There are few certainties in medicine. But treating rotator cuff injuries has revealed one to me: People with rotator cuff tears don’t sleep well. If you want a glimpse into the life-altering symptoms of shoulder pain, just ask one of these patients how many times a night he or she wakes up with pain. Hearing the answer, it’s easy to see that improving the ability to sleep through the night would be one of the major goals of treatment.
With pay-for-performance on the horizon, interest in demonstrating that treatments are providing value to patients is peaking, and with it, patient-centered outcomes research. Yet how much should we actually trust the results of studies using these results? If you see patients’ faces as they fill out the health-related quality of life (HR-QoL) questionnaires and disease/joint specific questionnaires, you may detect a bit of skepticism.
For instance, among commonly used outcome measures for rotator cuff dysfunction, only about 9 percent of the questions ask about sleep quality or the ability to concentrate (a surrogate of fatigue). I don’t think it’s a stretch to say that most shoulder pain patients would say that their sleep should be weighted as more important in the measurement of their symptoms.
In orthopaedic surgery, my specialty, evidence-based medicine was adopted only recently. Before then, the case series ruled journal pages almost exclusively. Not only were options for measuring HR-QoL limited, but surgeons also felt they were better judges of outcomes than patients or blinded observers. Over time, however, the tools we have for measuring patient-relevant outcomes have proliferated and become more effective. There has, for example, been an improvement in the measurement of general HR-QoL with the SF-12 survey and EuroQoL-5D, now translated into many languages. Despite these advances, though, anyone who practices medicine is still reminded daily that our patients are diverse and unique; each with his or her own health goals and preferences.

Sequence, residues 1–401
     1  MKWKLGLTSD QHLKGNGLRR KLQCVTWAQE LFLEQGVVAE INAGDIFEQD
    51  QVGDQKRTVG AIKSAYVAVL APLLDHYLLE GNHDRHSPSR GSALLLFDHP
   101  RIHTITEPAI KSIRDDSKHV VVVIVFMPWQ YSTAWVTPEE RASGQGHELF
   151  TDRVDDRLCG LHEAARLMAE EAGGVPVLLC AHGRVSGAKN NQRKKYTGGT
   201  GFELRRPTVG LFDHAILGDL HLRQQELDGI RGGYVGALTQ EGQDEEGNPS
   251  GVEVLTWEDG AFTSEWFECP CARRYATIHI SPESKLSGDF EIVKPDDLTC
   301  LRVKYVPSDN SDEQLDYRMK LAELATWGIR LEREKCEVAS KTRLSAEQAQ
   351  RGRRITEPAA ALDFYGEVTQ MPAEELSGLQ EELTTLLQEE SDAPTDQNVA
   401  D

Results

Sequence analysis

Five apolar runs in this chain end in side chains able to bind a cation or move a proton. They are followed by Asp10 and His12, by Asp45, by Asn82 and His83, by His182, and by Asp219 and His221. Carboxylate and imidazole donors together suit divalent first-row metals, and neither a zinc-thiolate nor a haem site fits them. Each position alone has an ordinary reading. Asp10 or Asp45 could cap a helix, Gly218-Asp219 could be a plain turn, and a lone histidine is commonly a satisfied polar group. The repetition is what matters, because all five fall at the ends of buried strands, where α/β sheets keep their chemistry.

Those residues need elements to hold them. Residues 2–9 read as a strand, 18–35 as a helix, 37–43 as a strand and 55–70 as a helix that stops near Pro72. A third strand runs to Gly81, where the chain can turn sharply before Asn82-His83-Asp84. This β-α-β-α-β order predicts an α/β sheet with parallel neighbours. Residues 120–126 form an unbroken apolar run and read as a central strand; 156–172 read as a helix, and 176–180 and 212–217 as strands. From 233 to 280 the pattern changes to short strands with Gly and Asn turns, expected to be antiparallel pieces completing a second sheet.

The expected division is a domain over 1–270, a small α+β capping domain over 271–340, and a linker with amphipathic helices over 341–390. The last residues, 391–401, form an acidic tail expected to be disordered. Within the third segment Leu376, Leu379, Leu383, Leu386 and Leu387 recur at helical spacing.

On balance, evidence based medicine has been a great advance for medicine, and it has benefited many patients. My concern is that we are also failing some, and we don’t know how many. In his book the Creative Destruction of Medicine, Eric Topol, MD, brings up a similar point in the context of statins and the challenge of knowing the number we actually need to treat people. In elective surgery, it isn’t cholesterol medicine that is wasted by imprecise outcome metrics, but rather patient goals and expectations that are failed. What is the answer to this impasse? In my view, it is precision outcomes, the combination of precision medicine and outcomes measurement. I believe that union will be made possible through wearable technology, or wearables.
Wearables provide the opportunity to objectively measure aspects of health and wellness that matter to patients. They are designed as consumer devices, and as such have to measure matrices of health that are important to the public. Because of this, as I mentioned in a previous post on the Doctor Blog, patients will come to us having collected data already, meaning we can actually track the outcomes of treatments in individuals.
Like so many of my patients, I am struggling to connect the list items I’m told are important to what I’m hearing in the office. I also want to push the envelope on trying to integrate new data streams from wearables into the objective measurement of illness, wellness, and the period of recovery that lies in between. Still, much remains to be worked out for how we implement wearables for this type of assessing. What I am certain of is that the conversation will be one to watch.
Jesse Slade Shantz is an orthopedic surgeon who blogs at The Doctor Blog.